The Cat’s in the Cradle

My son (who is no longer on Facebook and thus can’t be embarrassed by this anecdote) is not overly-affectionate. As a child, he was a hugger, but by adolescence, a side-armed squeeze of the shoulder was the most I could expect as the Christmas party or hospital visit wound down.

I make this observation not as a criticism, but rather as an acknowledgement that people process emotion differently. Did I miss the little boy who would climb into my lap and wrap his arms around my neck, holding me in his embrace until my heart had re-filled with love? Yes, of course. But I wouldn’t trade him for the insatiably curious, determined, good-hearted young man he has grown into.

That said, about six months ago, after my last serious hospitalization, his hugs began gripping tighter and lasting longer.
Today he came to see me for his final visit before returning to college.

We’re both determined to see one another when he returns for Christmas break at the end of this year–but planned this visit ‘just-in-case.’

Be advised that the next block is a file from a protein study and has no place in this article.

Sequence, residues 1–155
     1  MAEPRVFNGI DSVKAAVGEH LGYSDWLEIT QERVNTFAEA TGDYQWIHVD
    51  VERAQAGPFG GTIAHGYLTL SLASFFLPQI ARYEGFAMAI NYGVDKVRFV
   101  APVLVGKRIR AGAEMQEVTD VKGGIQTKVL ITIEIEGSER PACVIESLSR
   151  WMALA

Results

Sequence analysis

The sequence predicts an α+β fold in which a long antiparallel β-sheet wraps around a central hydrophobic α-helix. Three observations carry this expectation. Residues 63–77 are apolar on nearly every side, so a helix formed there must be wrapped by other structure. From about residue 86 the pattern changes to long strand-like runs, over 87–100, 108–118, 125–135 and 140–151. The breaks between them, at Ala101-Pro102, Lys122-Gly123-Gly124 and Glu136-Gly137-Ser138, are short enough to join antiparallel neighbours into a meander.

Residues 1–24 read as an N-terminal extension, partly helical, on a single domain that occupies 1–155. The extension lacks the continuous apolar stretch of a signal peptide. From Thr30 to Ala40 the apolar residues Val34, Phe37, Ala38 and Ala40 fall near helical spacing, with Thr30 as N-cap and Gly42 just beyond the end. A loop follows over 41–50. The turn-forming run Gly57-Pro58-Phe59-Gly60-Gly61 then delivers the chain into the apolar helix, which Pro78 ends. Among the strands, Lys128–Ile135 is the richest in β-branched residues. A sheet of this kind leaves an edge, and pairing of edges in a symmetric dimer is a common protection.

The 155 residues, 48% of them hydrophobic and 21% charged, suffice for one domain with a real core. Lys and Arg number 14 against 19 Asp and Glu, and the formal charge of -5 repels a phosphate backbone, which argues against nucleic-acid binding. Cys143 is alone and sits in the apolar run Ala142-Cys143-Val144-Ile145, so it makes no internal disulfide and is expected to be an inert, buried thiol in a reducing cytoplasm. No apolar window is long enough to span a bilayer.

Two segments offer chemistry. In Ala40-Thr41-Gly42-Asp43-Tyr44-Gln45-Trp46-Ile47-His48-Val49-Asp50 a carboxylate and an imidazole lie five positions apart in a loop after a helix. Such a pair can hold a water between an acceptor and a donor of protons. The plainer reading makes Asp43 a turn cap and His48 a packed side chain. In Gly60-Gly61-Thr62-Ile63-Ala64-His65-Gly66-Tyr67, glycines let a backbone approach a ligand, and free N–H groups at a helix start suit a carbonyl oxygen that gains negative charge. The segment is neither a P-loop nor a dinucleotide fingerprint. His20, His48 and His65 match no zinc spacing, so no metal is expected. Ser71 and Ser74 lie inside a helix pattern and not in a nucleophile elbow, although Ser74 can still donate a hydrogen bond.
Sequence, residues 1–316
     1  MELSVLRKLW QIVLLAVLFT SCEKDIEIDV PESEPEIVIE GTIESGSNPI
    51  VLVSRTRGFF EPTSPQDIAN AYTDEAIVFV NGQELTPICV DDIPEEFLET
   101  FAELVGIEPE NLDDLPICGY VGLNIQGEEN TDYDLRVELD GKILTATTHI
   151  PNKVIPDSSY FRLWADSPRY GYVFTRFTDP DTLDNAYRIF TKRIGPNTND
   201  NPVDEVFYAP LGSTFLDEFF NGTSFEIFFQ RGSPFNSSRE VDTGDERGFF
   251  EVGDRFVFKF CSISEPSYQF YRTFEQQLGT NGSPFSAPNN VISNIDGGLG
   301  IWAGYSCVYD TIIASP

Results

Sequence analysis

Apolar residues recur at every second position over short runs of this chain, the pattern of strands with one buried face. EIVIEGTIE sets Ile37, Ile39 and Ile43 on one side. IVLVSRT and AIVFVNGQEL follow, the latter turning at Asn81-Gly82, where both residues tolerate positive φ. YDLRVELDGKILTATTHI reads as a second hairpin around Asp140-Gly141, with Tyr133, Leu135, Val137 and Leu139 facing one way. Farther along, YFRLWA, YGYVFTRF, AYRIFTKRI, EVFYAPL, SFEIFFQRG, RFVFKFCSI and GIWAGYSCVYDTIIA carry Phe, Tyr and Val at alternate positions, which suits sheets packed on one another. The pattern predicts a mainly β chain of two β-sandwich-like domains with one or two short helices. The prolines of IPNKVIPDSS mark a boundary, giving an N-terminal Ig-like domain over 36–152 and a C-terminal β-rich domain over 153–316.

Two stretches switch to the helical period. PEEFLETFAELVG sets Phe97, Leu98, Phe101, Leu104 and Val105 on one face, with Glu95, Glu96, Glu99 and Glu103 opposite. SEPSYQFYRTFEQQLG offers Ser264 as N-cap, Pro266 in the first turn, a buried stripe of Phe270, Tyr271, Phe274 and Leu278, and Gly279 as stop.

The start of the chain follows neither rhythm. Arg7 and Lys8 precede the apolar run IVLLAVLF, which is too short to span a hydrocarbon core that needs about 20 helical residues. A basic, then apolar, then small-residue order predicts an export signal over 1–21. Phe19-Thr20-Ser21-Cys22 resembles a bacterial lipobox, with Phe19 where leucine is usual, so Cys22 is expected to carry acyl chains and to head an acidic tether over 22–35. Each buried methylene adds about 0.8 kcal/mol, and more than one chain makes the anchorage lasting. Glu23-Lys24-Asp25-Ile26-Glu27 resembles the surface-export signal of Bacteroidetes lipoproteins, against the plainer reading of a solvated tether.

He sat down next to me on the bed and wrapped his arm somewhat uneasily around my shoulder. I was so stunned by the unusual gesture that I didn’t know what to do. For a moment, two decades dropped away, and I was certain that–were I to turn and look at him–I would see the churubic face he wore as a toddler instead of the guarded but angularly handsome face that is his now.

His arm on my shoulder made me feel so warm and complete and full of love and I’d just begun to move my hand upward to grasp his when, overcome with the weirdness of it all, he withdrew his arm as I stared at my shoes, too stunned by unfamiliarity to react in a meaningful way.

We talked for a couple hours afterward. It was a good visit. He’s a good man and a good person.

But the whole time I couldn’t help but wonder what it might have been like had I managed to reach up and clasp his hand in time.

You have to act in the moments. They’re all we have.

Published by

Brian E. Holbrook

A terminally ill writer and musician, Brian recently migrated from the north Oregon Coast back to eastern Washington State, where he is, in the immortal words of Townes Van Zandt, "waitin' 'round to die." In the interim, he occasionally writes observational and/or biographical essays about what, if anything, it all means.

Leave a Reply

Fill in your details below or click an icon to log in:

WordPress.com Logo

You are commenting using your WordPress.com account. Log Out /  Change )

Twitter picture

You are commenting using your Twitter account. Log Out /  Change )

Facebook photo

You are commenting using your Facebook account. Log Out /  Change )

Connecting to %s